In 1985, former oil rig worker Richard Linklater began a film screening society in Austin, Texas, that aimed to show classic art-house and experimental films to a budding community of cinephiles. Eventually incorporating as a nonprofit, the newly branded Austin Film Society raised enough money to fly in their first out-of-town filmmaker invitee: James Benning, who was then based in New York. Accepting the invitation, Benning met Linklater and immediately the two began to develop a personal and intellectual bond, leading to future screenings and encounters. Starting in the late ‘60s, Benning had been creating structural non-narrative films largely on his own, while Linklater had just begun to craft his first 8 and 16 mm shorts. The filmmakers have remained close even as their careers have wildly diverged. After the cult success of Slacker (1991), Linklater went on to make big budget narrative films with Hollywood support. Benning, meanwhile, has stayed close to his modest roots and is mainly an unknown figure in mainstream film culture. This is a documentary portrait of the friendship between both filmmakers, that combines filmed conversations and extensive archival material to explore connections and divergences in their respective approaches to life and cinema. *Catalan première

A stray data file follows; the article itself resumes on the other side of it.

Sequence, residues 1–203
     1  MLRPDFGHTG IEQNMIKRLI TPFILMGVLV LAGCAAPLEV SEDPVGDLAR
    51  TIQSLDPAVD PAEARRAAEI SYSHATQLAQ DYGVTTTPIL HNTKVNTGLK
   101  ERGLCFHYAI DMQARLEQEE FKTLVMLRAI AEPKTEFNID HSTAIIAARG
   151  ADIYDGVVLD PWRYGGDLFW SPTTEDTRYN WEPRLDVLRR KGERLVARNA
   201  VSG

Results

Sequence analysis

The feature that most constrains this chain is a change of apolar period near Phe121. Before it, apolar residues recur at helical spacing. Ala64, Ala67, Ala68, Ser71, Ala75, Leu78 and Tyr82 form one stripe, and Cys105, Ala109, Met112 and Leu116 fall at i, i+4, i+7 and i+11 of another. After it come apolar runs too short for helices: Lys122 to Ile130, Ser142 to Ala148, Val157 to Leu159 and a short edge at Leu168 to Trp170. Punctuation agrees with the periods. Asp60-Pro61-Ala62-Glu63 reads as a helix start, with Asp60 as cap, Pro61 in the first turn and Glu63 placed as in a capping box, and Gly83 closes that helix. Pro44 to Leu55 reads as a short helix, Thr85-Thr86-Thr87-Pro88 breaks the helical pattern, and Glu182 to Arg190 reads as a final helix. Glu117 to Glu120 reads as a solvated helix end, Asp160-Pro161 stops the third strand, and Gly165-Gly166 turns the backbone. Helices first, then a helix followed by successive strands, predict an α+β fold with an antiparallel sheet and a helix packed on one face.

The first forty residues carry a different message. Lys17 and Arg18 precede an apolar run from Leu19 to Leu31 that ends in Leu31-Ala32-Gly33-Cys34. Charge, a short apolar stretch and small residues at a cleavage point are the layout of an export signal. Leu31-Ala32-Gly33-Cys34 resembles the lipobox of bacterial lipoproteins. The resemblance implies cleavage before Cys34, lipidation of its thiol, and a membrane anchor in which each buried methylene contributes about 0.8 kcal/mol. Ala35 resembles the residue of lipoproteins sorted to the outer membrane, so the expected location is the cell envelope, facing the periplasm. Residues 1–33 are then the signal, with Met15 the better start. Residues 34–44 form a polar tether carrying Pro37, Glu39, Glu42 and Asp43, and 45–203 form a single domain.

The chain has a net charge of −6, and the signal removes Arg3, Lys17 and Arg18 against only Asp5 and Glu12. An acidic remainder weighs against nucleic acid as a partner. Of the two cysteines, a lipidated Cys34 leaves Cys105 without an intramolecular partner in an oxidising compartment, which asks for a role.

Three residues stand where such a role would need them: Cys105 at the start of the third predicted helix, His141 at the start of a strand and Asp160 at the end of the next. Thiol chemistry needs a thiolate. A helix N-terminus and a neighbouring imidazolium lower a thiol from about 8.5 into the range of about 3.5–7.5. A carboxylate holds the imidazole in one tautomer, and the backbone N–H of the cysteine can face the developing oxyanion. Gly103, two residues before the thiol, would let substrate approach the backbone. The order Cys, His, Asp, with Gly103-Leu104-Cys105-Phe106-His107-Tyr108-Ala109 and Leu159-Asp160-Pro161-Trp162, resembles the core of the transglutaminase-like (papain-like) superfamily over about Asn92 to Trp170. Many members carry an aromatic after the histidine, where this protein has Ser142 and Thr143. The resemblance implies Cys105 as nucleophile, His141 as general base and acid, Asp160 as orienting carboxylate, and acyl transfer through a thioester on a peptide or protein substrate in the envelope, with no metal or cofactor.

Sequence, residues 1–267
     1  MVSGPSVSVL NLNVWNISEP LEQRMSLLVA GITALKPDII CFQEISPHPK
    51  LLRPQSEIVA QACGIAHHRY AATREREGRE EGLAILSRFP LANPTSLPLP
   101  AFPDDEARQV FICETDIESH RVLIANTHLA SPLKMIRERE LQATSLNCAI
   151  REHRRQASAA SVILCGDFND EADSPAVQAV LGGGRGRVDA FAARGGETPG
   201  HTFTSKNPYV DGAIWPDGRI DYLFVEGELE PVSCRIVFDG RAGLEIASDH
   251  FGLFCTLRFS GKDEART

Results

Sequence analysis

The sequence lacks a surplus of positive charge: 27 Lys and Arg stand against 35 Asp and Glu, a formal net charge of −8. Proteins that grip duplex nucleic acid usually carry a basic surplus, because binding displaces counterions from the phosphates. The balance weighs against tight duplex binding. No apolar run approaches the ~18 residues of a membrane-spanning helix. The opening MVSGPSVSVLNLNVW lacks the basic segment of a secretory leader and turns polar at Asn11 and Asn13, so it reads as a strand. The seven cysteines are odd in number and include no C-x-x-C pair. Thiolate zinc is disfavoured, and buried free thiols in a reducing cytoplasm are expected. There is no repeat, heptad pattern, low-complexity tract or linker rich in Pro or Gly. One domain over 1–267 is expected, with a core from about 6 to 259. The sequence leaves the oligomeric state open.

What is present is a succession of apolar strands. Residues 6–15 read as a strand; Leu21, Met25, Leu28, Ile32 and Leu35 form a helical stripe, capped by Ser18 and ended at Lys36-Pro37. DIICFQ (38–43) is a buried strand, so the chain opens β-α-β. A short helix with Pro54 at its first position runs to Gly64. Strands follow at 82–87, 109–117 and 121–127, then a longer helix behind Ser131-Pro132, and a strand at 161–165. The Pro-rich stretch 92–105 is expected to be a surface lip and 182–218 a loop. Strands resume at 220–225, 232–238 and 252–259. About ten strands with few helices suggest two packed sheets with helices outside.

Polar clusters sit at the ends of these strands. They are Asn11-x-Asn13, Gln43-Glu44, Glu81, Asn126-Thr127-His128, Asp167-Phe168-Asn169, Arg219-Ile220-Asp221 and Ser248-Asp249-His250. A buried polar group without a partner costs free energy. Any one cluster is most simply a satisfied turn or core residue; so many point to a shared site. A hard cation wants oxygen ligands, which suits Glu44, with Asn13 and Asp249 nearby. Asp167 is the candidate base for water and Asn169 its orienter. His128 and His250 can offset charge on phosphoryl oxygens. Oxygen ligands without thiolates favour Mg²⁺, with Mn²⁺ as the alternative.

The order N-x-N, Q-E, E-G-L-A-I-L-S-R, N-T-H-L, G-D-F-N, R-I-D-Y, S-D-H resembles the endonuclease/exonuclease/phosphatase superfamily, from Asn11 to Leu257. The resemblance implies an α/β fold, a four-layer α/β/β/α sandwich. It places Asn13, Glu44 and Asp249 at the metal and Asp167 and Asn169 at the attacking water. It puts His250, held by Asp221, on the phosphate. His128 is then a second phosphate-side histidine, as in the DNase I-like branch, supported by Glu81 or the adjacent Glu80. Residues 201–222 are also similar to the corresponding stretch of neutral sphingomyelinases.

Gabe Klinger (1982, Brazil) is a Chicago-based writer, film critic, programmer and teacher. He teaches courses in cinema theory at Columbia College and is a visiting lecturer at the University of Illinois in Chicago. Over the years, he has written about cinema for numerous journals such as de Filmkrant, indieWIRE and Undercurrent. He has also worked as a programmer and consulted for various museums and festivals such as IFFR. The documentary Double Play was his directorial debut, Porto (2016) is his first feature-length fiction film.
Filmography: Porto (2016), Double Play: James Benning and Richard Linklater (documental, 2013)